Sep
29

We be comptrollin’: Garbage and MTA capital spending

By · Published in 2015

As it stands today, the MTA has some deep-rooted financial problems. To anyone paying attention, this isn’t a surprise. The agency, backed by Gov. Andrew Cuomo and the TWU, has been fighting with Mayor Bill de Blasio over proper city contributions to the underfunded $28 billion 2015-2019 capital plan. But the MTA has other deep-rooted financial problems involving an utter inability to control costs or deliver projects at a budget comparable to similar transit systems throughout the world. That’s a problem more important than a political fight over a five-year capital plan.

Meanwhile, there is a state comptroller — an elected official — who could take a deeper dive into the MTA’s finances. State Comptroller Thomas DiNapoli has threatened a forensic audit of the MTA on and off for a few years, and he’s never delivered. Most recently, two reports from his audits leave me skeptical that he’ll ever deliver. One regurgitated publicly available MTA materials, and the other comes across as great big whine about the frequency of trash cans. If this is the best we can get on MTA finances, we’ll be stuck with insane costs for the foreseeable future.

Let’s start with DiNapoli’s trash can audit. He took at look at the MTA’s unnecessarily controversial pilot program to remove trash cans from certain subway stations in an effort to cut down on trash that sits in stations. Noting that trash collection and the rat population at stations without garbage cans is down, the MTA recently expanded the pilot. DiNapoli, however, is not impressed, but it’s not clear why.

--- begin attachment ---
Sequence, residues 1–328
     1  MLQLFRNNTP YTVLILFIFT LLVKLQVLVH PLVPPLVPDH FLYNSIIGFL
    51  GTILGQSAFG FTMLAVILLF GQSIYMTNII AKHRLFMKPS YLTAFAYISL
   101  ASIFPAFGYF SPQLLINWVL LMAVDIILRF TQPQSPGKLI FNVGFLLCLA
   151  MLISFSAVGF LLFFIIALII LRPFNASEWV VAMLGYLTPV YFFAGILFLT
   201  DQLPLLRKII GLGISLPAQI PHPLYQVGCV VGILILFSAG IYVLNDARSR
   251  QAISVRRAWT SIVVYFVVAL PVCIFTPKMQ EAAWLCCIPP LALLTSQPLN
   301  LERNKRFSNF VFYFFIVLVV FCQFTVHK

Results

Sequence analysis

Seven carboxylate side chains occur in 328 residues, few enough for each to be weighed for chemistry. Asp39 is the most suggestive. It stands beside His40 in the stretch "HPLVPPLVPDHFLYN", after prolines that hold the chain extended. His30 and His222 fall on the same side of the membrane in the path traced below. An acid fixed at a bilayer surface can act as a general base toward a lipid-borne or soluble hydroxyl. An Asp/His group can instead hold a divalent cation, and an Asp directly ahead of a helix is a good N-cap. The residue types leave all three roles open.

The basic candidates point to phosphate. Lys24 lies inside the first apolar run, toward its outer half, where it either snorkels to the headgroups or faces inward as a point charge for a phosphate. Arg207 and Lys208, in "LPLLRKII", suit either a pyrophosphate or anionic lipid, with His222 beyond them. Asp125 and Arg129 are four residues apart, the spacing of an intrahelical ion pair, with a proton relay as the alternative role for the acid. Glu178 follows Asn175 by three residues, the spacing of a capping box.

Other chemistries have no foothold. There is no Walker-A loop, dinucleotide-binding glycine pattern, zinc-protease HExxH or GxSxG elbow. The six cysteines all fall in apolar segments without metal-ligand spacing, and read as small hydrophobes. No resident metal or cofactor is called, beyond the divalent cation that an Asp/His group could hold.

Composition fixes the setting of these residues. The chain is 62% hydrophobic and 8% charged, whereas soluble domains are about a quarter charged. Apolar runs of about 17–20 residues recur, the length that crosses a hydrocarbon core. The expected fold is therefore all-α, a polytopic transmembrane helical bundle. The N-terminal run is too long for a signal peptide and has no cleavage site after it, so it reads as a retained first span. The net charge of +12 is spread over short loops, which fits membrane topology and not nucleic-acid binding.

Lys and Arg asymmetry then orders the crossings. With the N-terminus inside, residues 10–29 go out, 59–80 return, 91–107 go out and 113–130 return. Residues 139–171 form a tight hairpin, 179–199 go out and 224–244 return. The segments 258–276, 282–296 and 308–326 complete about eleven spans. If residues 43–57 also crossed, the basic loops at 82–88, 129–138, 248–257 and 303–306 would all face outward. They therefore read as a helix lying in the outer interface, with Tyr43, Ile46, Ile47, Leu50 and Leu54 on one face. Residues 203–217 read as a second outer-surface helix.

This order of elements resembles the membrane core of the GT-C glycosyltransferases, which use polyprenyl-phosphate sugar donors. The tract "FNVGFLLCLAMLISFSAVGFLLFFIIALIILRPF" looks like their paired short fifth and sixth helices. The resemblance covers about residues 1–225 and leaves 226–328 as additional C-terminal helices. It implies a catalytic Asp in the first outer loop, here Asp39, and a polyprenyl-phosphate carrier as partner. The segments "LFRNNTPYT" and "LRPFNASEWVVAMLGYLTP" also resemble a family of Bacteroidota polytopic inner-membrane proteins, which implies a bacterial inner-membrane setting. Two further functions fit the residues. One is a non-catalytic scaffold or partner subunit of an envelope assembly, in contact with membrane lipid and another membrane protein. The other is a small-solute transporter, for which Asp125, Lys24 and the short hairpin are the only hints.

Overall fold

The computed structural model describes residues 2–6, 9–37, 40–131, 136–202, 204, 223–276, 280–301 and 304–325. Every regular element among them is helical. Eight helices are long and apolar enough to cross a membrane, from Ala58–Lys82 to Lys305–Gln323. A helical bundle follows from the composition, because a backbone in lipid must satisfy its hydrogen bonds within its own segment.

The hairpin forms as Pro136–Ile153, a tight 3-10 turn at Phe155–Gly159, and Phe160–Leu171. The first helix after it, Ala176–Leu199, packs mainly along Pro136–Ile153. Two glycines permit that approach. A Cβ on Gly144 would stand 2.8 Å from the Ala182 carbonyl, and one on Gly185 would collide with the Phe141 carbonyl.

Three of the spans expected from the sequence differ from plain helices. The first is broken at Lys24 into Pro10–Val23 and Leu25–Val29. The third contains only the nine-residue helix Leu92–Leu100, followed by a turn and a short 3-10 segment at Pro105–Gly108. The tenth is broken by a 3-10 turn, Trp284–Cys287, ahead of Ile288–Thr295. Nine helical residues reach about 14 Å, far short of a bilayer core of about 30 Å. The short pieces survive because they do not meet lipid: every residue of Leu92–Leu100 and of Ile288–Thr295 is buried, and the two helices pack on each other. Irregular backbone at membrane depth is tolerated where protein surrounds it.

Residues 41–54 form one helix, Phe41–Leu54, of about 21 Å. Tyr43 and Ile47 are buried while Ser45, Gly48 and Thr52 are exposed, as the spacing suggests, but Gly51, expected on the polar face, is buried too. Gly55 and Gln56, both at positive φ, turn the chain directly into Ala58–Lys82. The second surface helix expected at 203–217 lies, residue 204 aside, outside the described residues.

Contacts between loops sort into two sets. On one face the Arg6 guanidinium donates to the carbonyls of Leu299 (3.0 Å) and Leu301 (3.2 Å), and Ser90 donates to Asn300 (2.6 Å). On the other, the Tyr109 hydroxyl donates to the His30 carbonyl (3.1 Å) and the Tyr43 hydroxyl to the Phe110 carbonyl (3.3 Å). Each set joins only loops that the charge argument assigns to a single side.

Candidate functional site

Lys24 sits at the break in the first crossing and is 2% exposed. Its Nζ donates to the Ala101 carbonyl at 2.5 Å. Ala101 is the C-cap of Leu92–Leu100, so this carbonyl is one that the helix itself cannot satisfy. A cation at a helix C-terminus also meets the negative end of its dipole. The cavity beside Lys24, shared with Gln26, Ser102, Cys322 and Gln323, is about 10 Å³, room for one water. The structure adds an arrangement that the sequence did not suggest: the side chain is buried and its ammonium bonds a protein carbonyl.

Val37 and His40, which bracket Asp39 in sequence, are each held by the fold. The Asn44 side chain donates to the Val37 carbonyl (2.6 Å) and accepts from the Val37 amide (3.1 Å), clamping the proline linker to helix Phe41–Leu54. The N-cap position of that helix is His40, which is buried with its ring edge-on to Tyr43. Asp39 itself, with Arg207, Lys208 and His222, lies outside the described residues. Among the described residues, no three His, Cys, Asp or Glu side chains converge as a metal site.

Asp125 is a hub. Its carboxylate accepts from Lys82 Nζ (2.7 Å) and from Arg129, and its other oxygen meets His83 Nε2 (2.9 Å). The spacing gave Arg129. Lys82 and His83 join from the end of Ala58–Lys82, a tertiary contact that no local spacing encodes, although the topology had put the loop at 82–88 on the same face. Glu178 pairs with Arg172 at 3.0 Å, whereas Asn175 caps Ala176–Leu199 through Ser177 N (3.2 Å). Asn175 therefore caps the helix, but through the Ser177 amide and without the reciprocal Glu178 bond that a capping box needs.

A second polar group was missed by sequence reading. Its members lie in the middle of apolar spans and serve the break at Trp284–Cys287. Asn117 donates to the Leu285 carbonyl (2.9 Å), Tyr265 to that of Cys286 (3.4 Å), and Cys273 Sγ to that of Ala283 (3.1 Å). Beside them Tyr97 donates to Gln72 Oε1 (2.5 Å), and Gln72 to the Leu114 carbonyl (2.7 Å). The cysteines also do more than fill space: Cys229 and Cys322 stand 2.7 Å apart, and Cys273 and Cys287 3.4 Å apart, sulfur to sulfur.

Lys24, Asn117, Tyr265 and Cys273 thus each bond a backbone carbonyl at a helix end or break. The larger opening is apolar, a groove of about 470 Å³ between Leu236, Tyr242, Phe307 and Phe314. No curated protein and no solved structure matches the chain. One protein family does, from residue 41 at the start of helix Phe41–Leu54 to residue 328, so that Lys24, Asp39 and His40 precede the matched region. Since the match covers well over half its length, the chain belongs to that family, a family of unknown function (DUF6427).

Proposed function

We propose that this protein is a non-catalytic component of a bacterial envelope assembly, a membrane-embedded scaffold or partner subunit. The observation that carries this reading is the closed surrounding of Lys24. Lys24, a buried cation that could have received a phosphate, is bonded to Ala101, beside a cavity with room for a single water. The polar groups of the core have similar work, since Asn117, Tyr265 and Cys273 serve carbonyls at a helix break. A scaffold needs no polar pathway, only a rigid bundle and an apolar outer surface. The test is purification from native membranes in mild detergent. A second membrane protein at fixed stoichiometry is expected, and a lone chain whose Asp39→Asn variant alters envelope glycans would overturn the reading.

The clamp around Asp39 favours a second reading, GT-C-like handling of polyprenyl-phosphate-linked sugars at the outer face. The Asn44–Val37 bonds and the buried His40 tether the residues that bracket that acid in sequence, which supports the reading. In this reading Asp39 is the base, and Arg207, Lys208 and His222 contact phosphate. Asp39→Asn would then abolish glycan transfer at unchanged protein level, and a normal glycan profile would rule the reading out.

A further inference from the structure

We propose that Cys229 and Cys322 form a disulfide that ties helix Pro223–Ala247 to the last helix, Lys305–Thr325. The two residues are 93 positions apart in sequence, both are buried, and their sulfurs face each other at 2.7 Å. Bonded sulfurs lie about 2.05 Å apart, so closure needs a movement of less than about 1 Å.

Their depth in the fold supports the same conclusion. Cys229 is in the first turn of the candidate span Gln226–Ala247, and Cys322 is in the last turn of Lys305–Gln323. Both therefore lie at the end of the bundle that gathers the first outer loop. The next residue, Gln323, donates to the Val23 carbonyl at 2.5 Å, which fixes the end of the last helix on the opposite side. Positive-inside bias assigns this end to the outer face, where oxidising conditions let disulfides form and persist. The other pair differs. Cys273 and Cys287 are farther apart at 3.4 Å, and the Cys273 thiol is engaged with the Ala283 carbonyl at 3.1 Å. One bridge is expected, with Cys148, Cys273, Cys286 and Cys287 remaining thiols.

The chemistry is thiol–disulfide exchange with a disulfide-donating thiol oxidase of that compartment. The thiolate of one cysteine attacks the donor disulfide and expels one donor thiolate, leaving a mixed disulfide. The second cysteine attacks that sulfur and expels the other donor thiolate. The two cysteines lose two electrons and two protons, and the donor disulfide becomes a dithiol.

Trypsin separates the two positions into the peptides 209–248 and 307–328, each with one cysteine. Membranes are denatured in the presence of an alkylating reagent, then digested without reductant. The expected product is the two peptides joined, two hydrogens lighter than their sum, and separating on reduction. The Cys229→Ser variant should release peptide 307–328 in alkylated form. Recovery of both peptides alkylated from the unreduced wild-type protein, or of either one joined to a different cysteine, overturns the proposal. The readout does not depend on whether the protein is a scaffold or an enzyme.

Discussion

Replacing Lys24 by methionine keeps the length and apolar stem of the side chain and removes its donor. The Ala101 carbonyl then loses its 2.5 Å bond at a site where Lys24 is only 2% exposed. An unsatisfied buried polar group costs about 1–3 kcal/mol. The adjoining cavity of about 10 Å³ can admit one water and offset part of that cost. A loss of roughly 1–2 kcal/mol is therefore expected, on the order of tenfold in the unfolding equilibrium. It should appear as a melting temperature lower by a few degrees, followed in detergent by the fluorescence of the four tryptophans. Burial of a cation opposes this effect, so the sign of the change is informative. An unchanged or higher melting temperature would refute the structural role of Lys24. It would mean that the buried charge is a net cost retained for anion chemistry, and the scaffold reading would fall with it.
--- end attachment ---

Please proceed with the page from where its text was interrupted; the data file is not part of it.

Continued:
He starts his announcement of his audit essentially validating some of the MTA’s claims. “There’s no doubt that removing garbage cans from subway stations saved work and possibly some money for the MTA,” he said. “It’s not clear that it met MTA’s goals of improving straphangers’ experience and making stations cleaner and there’s no evidence it reduced the number of rats in subway stations. After four years the best one can say about this experiment is that it’s inconclusive, except for the fact that riders have a harder time finding a trash can.”

So the MTA doesn’t spend as much on garbage collection, there may or may not be fewer rats in stations without garbage cans and riders have a harder time finding a trash can. To me, that sounds exactly like the point the MTA is trying to prove and a whine from DiNapoli because he might not be able to throw out his trash right away. The rest of the audit [pdf] covers similar territory. Ultimately, DiNapoli’s view must be reconciled with the question of whether the MTA should be in the trash business or the transportation business. PATH, for instance, has no garbage cans, and it works. Numerous other transit agency also eschew garbage collection, and people cart out their trash. Either way, this is low hanging fruit.